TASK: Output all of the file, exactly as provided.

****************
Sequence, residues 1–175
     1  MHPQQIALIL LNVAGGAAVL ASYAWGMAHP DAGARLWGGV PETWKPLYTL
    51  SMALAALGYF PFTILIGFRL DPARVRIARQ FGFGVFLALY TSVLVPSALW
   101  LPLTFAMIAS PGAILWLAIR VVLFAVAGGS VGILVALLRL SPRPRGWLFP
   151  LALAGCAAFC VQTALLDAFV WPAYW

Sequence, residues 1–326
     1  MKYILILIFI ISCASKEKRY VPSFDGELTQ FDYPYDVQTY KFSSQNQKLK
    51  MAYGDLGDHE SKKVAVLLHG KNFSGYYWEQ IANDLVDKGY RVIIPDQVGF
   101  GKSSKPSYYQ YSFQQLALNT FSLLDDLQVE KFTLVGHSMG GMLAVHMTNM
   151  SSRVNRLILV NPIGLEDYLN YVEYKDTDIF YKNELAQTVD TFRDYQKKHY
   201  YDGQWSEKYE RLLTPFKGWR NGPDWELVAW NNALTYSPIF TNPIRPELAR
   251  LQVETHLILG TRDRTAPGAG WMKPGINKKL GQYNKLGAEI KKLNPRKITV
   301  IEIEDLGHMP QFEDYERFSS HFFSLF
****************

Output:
Sequence, residues 1–175
     1  MHPQQIALIL LNVAGGAAVL ASYAWGMAHP DAGARLWGGV PETWKPLYTL
    51  SMALAALGYF PFTILIGFRL DPARVRIARQ FGFGVFLALY TSVLVPSALW
   101  LPLTFAMIAS PGAILWLAIR VVLFAVAGGS VGILVALLRL SPRPRGWLFP
   151  LALAGCAAFC VQTALLDAFV WPAYW

Sequence, residues 1–326
     1  MKYILILIFI ISCASKEKRY VPSFDGELTQ FDYPYDVQTY KFSSQNQKLK
    51  MAYGDLGDHE SKKVAVLLHG KNFSGYYWEQ IANDLVDKGY RVIIPDQVGF
   101  GKSSKPSYYQ YSFQQLALNT FSLLDDLQVE KFTLVGHSMG GMLAVHMTNM
   151  SSRVNRLILV NPIGLEDYLN YVEYKDTDIF YKNELAQTVD TFRDYQKKHY
   201  YDGQWSEKYE RLLTPFKGWR NGPDWELVAW NNALTYSPIF TNPIRPELAR
   251  LQVETHLILG TRDRTAPGAG WMKPGINKKL GQYNKLGAEI KKLNPRKITV
   301  IEIEDLGHMP QFEDYERFSS HFFSLF